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FAQ For Clients New To Custom Commissioning


Hiring someone to create a custom piece is not the same as buying something from Amazon, eBay, or from a retail store or manufacturer. Read our FAQ to help understand the process.

What's the Difference of buying from a Cosplay Store, Costume Store, versus a Custom Costume Designer?


Cosplay or costume stores sell manufactured costumes and usually originate from China, Taiwan, or Japan and sell volume versus individual pieces.  Sometimes it can be confusing if a manufacturer offers made to measure on their designs but there is a significant difference.  The fabric, design quality, construction, and detail are going to be quick and simple and fit is going to be closer to generic sizing than actually made for your body.  The fabrics will be lower quality because of the price point and labor is significantly lower because labor rates for these countries under pay their workers and do very low day rates instead of living wages. If you are looking to find a character costume and only can spend between $100-$200 then you will find the most amount of options for your budget by purchasing a manufactured costume.

Can you make me a costume for $100-$200 or less?


Unfortunately no.  The time and cost that goes into making each one of our pieces far exceeds that kind of budget.  As a professional company, each of our workers is paid an appropriate wage for their skill not a day wage like in China.  

I don't understand.  Fabric only costs $X, how come the piece I want created isn't cheaper?


That's not really how it works.  That's like asking an artist how much their colored pencils and paper cost when they are going to do a drawing or asking a painter how much their canvas and paints cost.  When we provide you with an estimate - that estimate will include everything that it will take to create your costume.  It will have our labor rate per hour and include time for 1) Designing your pattern 2) Research time and sourcing time 3) Time to test your pattern prior to going into the final 4) Time to cut it out 5) Time to assemble it and finish it 6) Time to do specialized techniques like dying, embroidery, creating artwork, embellishing, etc.  plus the costs for your fabric and materials.  We time each of our projects so while we haven't done every costume style - we generally have a good idea of how many hours it will be for the entire process and can provide pretty accurate estimates and have a good handle on our costs to make something.  If you are purchasing a design that has already been created, the price already reflects that we do not need to re-design it, but it will include costs to create your size as the last client we made it for may not be the same size as you.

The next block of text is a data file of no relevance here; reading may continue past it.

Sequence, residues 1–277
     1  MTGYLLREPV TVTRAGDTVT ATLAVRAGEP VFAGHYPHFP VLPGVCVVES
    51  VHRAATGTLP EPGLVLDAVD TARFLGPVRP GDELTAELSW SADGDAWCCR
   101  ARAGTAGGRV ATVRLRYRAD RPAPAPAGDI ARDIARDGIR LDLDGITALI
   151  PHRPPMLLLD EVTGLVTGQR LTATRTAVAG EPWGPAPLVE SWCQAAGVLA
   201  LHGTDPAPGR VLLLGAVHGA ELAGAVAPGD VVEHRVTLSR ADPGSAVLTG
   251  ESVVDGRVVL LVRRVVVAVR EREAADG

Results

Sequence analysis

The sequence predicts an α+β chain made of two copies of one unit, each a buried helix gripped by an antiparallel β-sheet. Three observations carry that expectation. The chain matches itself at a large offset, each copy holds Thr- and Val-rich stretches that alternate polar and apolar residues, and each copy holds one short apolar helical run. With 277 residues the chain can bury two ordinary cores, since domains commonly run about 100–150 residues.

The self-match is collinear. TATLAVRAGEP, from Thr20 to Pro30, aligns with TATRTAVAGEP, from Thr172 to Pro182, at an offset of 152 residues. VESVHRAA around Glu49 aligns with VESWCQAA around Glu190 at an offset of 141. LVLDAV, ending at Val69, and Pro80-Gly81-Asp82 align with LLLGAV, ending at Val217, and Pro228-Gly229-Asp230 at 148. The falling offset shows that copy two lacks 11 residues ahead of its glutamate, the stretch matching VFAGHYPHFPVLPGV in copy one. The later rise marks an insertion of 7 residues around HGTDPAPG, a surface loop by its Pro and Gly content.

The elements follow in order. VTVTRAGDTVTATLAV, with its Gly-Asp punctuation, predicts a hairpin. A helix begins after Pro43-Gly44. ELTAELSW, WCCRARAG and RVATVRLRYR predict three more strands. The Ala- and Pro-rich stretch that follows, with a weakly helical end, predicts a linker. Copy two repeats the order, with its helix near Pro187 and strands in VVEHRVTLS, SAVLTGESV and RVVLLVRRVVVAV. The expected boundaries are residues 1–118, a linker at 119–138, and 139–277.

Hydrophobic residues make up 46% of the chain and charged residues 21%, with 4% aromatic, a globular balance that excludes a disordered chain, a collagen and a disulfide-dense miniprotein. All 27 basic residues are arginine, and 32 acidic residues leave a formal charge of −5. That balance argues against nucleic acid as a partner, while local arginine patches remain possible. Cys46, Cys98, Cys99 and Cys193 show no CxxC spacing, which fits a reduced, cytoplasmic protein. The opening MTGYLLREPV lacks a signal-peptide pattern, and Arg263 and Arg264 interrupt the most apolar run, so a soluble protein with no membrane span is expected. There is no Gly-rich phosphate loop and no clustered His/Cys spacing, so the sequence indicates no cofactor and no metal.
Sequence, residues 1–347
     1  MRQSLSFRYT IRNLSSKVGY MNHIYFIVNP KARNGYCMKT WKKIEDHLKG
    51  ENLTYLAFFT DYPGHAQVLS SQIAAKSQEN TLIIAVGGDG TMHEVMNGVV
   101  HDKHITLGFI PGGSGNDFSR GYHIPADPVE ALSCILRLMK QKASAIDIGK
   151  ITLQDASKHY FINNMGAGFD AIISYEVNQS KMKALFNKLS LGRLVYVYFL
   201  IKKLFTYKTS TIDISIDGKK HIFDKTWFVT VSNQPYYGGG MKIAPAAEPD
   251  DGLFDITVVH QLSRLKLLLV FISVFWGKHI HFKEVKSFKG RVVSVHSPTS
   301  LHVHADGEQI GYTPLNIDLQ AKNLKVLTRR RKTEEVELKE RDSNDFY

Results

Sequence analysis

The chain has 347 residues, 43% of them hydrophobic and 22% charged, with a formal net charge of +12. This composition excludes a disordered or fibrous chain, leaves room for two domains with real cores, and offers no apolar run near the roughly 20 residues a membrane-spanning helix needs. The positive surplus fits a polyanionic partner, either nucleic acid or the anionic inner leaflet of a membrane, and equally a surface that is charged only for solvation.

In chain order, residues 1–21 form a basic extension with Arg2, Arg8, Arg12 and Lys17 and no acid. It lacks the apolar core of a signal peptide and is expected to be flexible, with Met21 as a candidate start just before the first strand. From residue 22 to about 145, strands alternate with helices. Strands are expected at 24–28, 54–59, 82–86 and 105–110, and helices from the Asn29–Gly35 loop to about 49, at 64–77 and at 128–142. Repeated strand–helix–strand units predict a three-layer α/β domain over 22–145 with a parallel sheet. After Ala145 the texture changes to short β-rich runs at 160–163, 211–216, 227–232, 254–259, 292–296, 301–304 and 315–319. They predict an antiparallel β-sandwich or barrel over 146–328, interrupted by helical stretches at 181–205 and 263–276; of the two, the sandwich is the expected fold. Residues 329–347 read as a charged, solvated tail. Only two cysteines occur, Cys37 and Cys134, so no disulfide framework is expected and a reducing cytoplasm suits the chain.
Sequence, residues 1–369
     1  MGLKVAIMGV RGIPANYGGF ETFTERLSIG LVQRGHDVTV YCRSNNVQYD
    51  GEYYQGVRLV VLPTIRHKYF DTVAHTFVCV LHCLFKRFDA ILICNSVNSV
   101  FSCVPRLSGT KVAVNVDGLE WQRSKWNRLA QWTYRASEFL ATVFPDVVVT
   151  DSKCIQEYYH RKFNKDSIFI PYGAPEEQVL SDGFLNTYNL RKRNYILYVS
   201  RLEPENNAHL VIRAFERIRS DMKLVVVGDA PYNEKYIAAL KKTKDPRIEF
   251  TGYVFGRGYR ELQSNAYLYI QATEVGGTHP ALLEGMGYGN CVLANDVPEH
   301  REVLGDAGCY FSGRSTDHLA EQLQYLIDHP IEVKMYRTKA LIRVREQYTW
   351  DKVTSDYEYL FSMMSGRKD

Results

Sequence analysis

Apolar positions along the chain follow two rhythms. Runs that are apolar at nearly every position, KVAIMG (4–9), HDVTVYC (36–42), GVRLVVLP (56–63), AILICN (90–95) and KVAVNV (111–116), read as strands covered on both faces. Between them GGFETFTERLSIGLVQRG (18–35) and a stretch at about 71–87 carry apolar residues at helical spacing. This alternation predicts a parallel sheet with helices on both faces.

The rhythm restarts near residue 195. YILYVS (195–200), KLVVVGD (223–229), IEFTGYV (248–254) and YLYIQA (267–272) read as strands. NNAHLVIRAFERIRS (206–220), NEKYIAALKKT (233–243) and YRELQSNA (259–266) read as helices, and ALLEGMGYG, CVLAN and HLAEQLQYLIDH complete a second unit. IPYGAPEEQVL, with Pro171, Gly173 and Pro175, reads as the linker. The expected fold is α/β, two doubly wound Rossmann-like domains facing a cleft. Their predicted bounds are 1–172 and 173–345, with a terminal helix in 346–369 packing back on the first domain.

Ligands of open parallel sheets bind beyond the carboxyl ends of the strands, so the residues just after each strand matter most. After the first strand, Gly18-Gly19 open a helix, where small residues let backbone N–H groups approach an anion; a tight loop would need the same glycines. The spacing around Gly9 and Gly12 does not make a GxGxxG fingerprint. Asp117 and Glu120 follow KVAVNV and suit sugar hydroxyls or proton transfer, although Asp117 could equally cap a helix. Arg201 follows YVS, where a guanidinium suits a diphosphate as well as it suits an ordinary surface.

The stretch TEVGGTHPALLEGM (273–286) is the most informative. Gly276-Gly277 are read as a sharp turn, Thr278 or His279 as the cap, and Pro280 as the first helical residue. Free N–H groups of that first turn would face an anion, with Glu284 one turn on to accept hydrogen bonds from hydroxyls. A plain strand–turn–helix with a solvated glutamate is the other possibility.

If you are out searching commissioners - such as in the many Facebook groups or out on the internet you will need to educate yourself on the different types of commissioners out there.  There are cosplay companies that manufacture goods and use factory labor, there are professional businesses who are experienced in doing commissions and doing custom, and there are freelance individuals.  Freelance individuals are the ones to be the most wary of.  Freelance individuals may advertise a very low price - and it's because they have no staff, no place of business, and no ties to disappear if they wish to.  Very few freelance individuals are actual companies or businesses.  Most are not registered, do not have an actual website, and may even charge side money to go to their next convention.  Be wary of these individuals as they don't follow the same rules as businesses and you will want to collect buyer references, and really know who you are hiring when you contact them on a project.  Many many people have been scammed by freelancers who disappear with their money.  Be very suspicious if you receive a high rate from a freelancer with no web page or formal company set up.  Legitimate businesses charge higher costs to cover the costs of their places of business, taxes, fees, employee costs, and for their level of experience.  Freelancers who have none of these things and who try to match costs should be red-flagged.